Our ongoing project will analyse brain tissue and details of the pathology that occurs in human brain tissue, following the generous donation of tissue by 10 patients who agreed to offer their organs to us. Results are still pending but will presumingly be available in the first half of 2013. Thus, the Munich EMINA goals will be availbe upon the completion of tthe EMINA project.

Dr. Antonio Velayos Baeza, The Wellcome Centre for Human Genetics
Dr. Antonio Velayos Baeza, The Wellcome Centre for Human Genetics
Current research project on NA research at Oxford
Dr. Antonio Velayos-Baeza
Wellcome Trust Centre for Human Genetics, University of Oxford, UK

I have recently been awarded a research grant from the Advocacy for Neuroacanthocytosis Patients to continue our work in Oxford on the functional characterisation of chorein, the protein encoded by gene VPS13A, altered in patients with Chorea-Acanthocytosis (ChAc). This has allowed the appointment of a new Research Assistant with a 50% dedication to this project, Luiz Guidi, starting in October 2012. Luiz is an MSc Neurosciences graduate from the University of Oxford, and we both attended the recent 2nd NA/NBIA symposium in Ede, The Netherlands, a perfect opportunity for him to get to know many of our funders, collaborators, and the different research focusses in this field.

We have just initiated our work in this project. We will conduct a number of experiments directed to complete our basic characterisation of chorein at the cellular level, and will try to find answers to some questions such as where inside the cell this protein is found, or what happens to chorein when changes similar to some of those found in ChAc patients are introduced. We also intend to analyse the putative application of some antibodies to further improve the chorein test currently used as a key element in the diagnosis of ChAc.

Functional analyses of ion channels in Chorea-Acanthocytosis (ChAc) patient-derived induced pluripotent stem cells and differentiated neurons in vitro
F. Wegner, N. Stanslowsky, A. Hermann, A. Storch

The aim of this research project is to gain insight into the functional pathomechanisms of Chorea-acanthocytosis (ChAc). Recently, we established a human in vitro model of ChAc by genetic transformation of patient skin fibroblasts allowing the generation of induced pluripotent stem cells (iPSC). In this project, two ChAc patient-derived and one healthy control iPSC line are differentiated into neurons to study their ion channel function and synaptic activity.

For derivation of striatal medium spiny GABAergic neurons that are the main target of neurodegeneration in ChAc we have established an efficient differentiation protocol for iPSC based on the research with embryonic stem cells (Ma et al. 2012, Cell Stem Cell). iPSC colonies are cultured as embryoid bodies in suspension to induce differentiation. After attachment to cell culture plates the embryoid bodies start to form neural tube like rosettes as a sign for an early neuronal stage. After further differentiation progenitor clusters are disrupted into single cells and replated onto culture dishes. Valproic acid is added to generate GABAergic progenitors, followed by a set of cytokines to produce a large population of mature striatal medium spiny GABAergic neurons for functional analyses. We will compare the functional data of disease-specific and healthy control neurons in order to shed light on the functional pathophysiology and hopefully identify a potential therapeutic target to treat ChAc.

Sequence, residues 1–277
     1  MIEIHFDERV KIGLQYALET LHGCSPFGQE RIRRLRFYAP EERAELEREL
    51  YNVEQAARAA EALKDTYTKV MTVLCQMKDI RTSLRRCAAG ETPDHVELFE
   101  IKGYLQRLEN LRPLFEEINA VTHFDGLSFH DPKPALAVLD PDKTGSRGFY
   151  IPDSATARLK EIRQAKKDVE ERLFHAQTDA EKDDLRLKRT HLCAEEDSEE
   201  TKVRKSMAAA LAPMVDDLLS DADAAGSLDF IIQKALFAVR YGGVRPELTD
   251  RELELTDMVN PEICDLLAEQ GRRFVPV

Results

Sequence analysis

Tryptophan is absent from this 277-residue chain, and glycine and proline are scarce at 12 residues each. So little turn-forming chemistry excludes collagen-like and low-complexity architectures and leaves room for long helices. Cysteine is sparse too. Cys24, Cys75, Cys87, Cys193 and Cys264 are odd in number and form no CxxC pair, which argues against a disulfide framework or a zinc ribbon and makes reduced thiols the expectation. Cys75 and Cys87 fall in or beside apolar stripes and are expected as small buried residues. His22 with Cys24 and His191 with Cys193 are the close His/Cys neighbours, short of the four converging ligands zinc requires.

In vitro modelling of Chorea-acanthocytosis (ChAc): Patient fibroblasts and their reprogrammed derivatives as human models of ChAc
A. Storch

The overall aim of our ongoing project is to establish an in vitro model of ChAc using nerve and blood cells from reprogrammed fibroblasts (induced pluripotent stem (iPS) cells) from patients suffering from ChAc. After having established a general neuronal differentiation of ChAc-iPS lines, the last months were used to develop and optimize differentiation protocols for high yield of erythrocytes as well as striatal nerve cells (medium spiny neurons) from ChAc-iPS.

Interestingly, erythrocyte from patient iPS cells showed spontaneously an acanthycytic morphology. These will now be used to investigate possible targets ameliorating the red blood cell phenotype.

We did not yet observe a phenotype in the patient derived neurons. This may have different explanations: our differentiation protocol select healthy neurons and possible disease phenotypes are missed due to cell death prior to analysis. Alternatively, since ChAc is not a developmental disease, we may have to age the neurons in the dish to see neurodegeneration in vitro. This will be done in the next months using different stressors known to influence mechanisms of cell aging.

Thus we now have the cells of interest in hand to further analyze the neuronal as well as erythrocytes pathophysiology.